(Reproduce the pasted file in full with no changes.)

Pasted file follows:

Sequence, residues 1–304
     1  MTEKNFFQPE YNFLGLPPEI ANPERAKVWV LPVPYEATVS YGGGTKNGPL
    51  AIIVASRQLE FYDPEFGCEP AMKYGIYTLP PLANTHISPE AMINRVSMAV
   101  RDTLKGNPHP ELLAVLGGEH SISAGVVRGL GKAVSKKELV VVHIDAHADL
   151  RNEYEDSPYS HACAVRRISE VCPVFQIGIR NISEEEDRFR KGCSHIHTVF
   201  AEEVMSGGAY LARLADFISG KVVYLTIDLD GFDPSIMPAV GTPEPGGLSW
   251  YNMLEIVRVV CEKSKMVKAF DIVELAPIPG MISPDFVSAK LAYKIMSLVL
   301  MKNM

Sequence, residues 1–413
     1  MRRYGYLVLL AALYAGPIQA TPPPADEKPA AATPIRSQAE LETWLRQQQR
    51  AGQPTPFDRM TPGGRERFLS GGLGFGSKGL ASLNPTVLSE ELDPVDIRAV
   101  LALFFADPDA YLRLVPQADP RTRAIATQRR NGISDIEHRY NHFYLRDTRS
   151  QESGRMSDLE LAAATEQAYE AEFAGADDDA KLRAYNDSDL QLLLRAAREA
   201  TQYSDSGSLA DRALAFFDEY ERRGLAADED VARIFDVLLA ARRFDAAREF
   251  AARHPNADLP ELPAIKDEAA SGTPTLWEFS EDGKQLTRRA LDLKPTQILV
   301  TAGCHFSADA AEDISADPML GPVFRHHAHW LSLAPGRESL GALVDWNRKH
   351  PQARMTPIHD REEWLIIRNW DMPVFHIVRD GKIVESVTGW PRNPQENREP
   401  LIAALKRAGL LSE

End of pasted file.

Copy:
Sequence, residues 1–304
     1  MTEKNFFQPE YNFLGLPPEI ANPERAKVWV LPVPYEATVS YGGGTKNGPL
    51  AIIVASRQLE FYDPEFGCEP AMKYGIYTLP PLANTHISPE AMINRVSMAV
   101  RDTLKGNPHP ELLAVLGGEH SISAGVVRGL GKAVSKKELV VVHIDAHADL
   151  RNEYEDSPYS HACAVRRISE VCPVFQIGIR NISEEEDRFR KGCSHIHTVF
   201  AEEVMSGGAY LARLADFISG KVVYLTIDLD GFDPSIMPAV GTPEPGGLSW
   251  YNMLEIVRVV CEKSKMVKAF DIVELAPIPG MISPDFVSAK LAYKIMSLVL
   301  MKNM

Sequence, residues 1–413
     1  MRRYGYLVLL AALYAGPIQA TPPPADEKPA AATPIRSQAE LETWLRQQQR
    51  AGQPTPFDRM TPGGRERFLS GGLGFGSKGL ASLNPTVLSE ELDPVDIRAV
   101  LALFFADPDA YLRLVPQADP RTRAIATQRR NGISDIEHRY NHFYLRDTRS
   151  QESGRMSDLE LAAATEQAYE AEFAGADDDA KLRAYNDSDL QLLLRAAREA
   201  TQYSDSGSLA DRALAFFDEY ERRGLAADED VARIFDVLLA ARRFDAAREF
   251  AARHPNADLP ELPAIKDEAA SGTPTLWEFS EDGKQLTRRA LDLKPTQILV
   301  TAGCHFSADA AEDISADPML GPVFRHHAHW LSLAPGRESL GALVDWNRKH
   351  PQARMTPIHD REEWLIIRNW DMPVFHIVRD GKIVESVTGW PRNPQENREP
   401  LIAALKRAGL LSE